Just Mercy 2019 ****

191222-just-mercy-cs-1002a_80958dba34116cd8265ee4fe3e5280b4.fit-760w

The American Academy acted to ensure that race and gender bias would not be an on-going issue; the lack of recognition for Destin Daniel Creton’s Just Mercy in terms of coveted Oscar nominations suggest they will have to go further.  This is a compelling drama about wrongful accusation, race and capital punishment that should be a good bet for recognition. The shunning of this, and of Ava DuVernay’s When They See Us in tv/streaming awards, suggests that Just Mercy will have to settle for satisfying its own audience. It sets a bad example for the US academy to view and then not recognise strong work due to the race or gender of the film-makers; there’s considerable evidence that this happened in 2019/2020.

Michael B Jordan doesn’t have much to go on as lawyer Bryan Stevenson, but the actor’s charisma and personable approach take him a long way. He’s strip-searched on his way to Death Row, where he interviews a number of potential clients, notably Walter McMillian (Jamie Foxx). The temporary loss of Steven’s dignity is nothing compared to McMillian’s long terms incarceration for a crime that doesn’t have any existing evidence for. Stevenson makes contact with a number of Death Row inmates, the execution of one of whom forms a key moment here. But with the improbably glamorous Eva (Brie Larson) shuffling the papers, it’s an aspirational fight for justice that keeps dignity until a swirl of celestial choirs overwhelm the final scenes.

Miscarriages of justice make for compelling cinema, and Just Mercy gains from being based on Stevenson’s book about the real-life case. There are touches of worldly humor; when Stevenson finds cassettes relating to a false confession and asks for permission to copy them, the black woman manning the evidence desk shrugs and says ‘They ain’t paying me enough to stop you.’ Such interludes are welcome, because Just Mercy feels a little sanctimonious at times; it feels like McMillian’s cynical voice is too often left off-screen.

Such nit-picking aside, Just Mercy has a strong relevance to the black experience of America in 2020. ‘I’m just trying to help,’ says Stevenson, and the thrust of the film is that black communities will have to help themselves, because no-one else will be willing to right the wrong perpetrated against them. That’s a truth worth articulating, whether white-dominated awards bodies recognise it or not.

Due Date *** 2010

Due-Date-1-758x494

The brief furore over Todd Phillips’ Joker provides a reasonable opportunity to look back on the other work of this unheralded auteur; before winning the Golden Lion of Venice, Phillips has been a prolific purveyor of low-brow comedies like the Hangover trilogy, tv reboot Starsky and Hutch, or teen comedy Road Trip. There have been attempts to lift his game as writer and director; War Dogs wasn’t bad at all, and this vehicle for Zack Galifinakis and Robert Downey Jr rehashes Planes, Trains and Automobiles and many odd-couple comedies to mildly entertaining effect.

Peter Highman (Downey Jr) is a tightly wound exec who gets knocked out of his rut when he meets Ethan Tremblay (Galifanakis) an aspiring actor who accidentally puts the two men on a no-fly blacklist after some on-board shenanigans involving lost luggage. Despite having little in common, the two men decide to drive from Atlanta to LA, with Tremblay’s dog in tow, and encountering Juliette Lewis, Jamie Foxx, Danny McBride and a few other notables along the way.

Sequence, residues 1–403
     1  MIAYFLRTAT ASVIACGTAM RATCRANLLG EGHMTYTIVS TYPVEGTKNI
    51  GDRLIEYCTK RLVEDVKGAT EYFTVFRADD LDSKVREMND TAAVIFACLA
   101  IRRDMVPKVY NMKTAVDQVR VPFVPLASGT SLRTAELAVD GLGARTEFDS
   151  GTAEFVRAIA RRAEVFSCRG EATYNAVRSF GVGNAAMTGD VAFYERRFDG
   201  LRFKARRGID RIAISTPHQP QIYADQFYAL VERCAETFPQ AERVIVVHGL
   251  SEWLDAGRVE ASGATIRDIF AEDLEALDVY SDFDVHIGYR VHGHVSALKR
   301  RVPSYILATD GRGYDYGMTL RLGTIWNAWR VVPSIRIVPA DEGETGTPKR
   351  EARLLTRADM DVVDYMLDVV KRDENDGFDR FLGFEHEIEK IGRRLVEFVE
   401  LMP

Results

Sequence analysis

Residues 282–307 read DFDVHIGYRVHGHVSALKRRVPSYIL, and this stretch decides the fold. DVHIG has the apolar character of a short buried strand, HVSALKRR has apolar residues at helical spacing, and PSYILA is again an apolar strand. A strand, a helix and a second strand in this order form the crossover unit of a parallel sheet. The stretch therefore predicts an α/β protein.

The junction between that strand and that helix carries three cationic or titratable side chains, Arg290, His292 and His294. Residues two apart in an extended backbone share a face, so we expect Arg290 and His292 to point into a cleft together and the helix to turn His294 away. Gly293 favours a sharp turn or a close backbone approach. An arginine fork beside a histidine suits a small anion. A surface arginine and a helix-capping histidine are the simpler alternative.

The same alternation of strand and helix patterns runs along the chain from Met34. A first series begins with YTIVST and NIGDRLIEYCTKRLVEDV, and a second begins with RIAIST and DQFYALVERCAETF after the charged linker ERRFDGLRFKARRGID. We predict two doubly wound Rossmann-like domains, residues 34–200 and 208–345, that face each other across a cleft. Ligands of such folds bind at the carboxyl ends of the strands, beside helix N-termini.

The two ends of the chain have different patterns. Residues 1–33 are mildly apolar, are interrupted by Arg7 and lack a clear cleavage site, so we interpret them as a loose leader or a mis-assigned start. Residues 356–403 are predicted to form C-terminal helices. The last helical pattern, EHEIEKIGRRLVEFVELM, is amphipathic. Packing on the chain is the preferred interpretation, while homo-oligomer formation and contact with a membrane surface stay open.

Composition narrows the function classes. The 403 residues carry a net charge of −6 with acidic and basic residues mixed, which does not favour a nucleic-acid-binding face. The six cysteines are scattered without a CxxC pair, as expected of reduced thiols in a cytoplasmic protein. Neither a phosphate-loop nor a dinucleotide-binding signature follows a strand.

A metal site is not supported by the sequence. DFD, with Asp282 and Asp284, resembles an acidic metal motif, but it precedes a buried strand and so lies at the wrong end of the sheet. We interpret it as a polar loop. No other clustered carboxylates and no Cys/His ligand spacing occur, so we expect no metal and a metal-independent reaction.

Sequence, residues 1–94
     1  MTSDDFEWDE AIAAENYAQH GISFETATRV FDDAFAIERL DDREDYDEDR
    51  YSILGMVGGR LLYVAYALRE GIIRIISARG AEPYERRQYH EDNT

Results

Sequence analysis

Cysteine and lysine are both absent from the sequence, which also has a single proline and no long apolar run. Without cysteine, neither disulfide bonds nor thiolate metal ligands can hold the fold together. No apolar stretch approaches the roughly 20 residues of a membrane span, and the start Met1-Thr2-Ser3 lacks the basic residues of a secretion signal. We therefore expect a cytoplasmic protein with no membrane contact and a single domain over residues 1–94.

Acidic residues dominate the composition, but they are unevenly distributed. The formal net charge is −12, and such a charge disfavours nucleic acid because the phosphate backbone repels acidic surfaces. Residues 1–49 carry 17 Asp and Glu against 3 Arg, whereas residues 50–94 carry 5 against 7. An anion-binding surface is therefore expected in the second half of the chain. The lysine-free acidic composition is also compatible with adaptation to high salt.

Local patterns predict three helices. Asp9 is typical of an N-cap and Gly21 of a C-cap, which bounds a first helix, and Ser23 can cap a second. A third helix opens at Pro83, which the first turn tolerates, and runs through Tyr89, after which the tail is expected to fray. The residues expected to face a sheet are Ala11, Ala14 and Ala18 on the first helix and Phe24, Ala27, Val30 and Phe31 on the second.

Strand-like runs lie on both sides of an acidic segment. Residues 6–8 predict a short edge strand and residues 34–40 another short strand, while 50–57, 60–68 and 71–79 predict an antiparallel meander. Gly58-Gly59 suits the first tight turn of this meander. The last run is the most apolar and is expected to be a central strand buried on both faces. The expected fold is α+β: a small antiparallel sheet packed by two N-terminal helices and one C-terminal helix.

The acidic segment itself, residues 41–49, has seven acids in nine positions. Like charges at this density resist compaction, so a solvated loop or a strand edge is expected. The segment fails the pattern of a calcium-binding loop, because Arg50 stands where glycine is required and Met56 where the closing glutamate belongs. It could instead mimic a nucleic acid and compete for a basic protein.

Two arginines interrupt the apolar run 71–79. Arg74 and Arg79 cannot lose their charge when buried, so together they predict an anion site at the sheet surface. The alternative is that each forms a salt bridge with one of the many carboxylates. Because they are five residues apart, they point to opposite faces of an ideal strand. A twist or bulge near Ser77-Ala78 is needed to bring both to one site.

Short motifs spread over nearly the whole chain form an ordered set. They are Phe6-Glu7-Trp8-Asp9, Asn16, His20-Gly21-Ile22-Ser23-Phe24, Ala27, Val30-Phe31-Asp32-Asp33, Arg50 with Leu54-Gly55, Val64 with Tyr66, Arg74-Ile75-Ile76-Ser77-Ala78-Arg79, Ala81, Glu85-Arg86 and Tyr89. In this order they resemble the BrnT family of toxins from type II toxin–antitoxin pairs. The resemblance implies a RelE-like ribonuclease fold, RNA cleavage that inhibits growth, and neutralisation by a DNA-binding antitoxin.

Due Date’s odd-couple comedy is pretty tired, and the tropes, which include various indignities for the ashes of Tremblay’s father, have been done to death. And yet Galifinakis does a great job of making Ethan a three-dimensional threat to his new friend, and even when the action gets quite silly during an extended Mexican border car-chase, the relationship stays grounded. Downey Jr is, despite his lengthy exposure as an A list star, still somewhat unfamiliar in such a low-key context, and he tests the unlikable edges of a self-absorbed character.

Critics may carp that Phillips is not a major director with something important to say, but there’s merit in making comedies, as there can be profundity in the tears of the clown. Joker aside, Phillips has been involved with a lot of big films; for those who didn’t take him seriously, who’s laughing now?

Robin Hood 2018 ***

ROBIN-HOOD

The so-bad-it’s –good file is already groaning, but there’s always room for a project as fatally misbegotten as Robin Hood. As always, it takes a number of simultaneous failures to create a truly awful film. First up; Taron Edgerton, who gained some kind of fame as the yob made good Eggsy in the juvenile, misogynist Kingsmen films. Sure, he made a passable Elton John in Rocketman, but under those specs and outfits, there’s barely a performance to see, and he’s physically nothing like John at all and makes no effort to emulate him. Throw in a phoning it in Jamie Foxx as Little John, plus Ben Mendelsohn hamming it up in his umpteenth villain role in a row, and you have an uninspired cast in a reboot that no-one asked for. Robin leaves home for the Crusades, or at least some kind of archery inspired Call of Duty video game, and returns to seek his rightful place against the usurping sheriff (Mendelsohn). Whatever the high-concept was doesn’t land, leaving a stew of CGI fights, woeful set-pieces and laughable world building. Otto Bathhurst’s period romp went straight down the tubes on release, and a cheap streaming option (99p over in the UK right now, which is about 98p too much) gives us bad movie gannets the chance to see exactly why in this roaring dumpster fire. What a decent comic like Tim Minchin is doing in here, only his agent knows.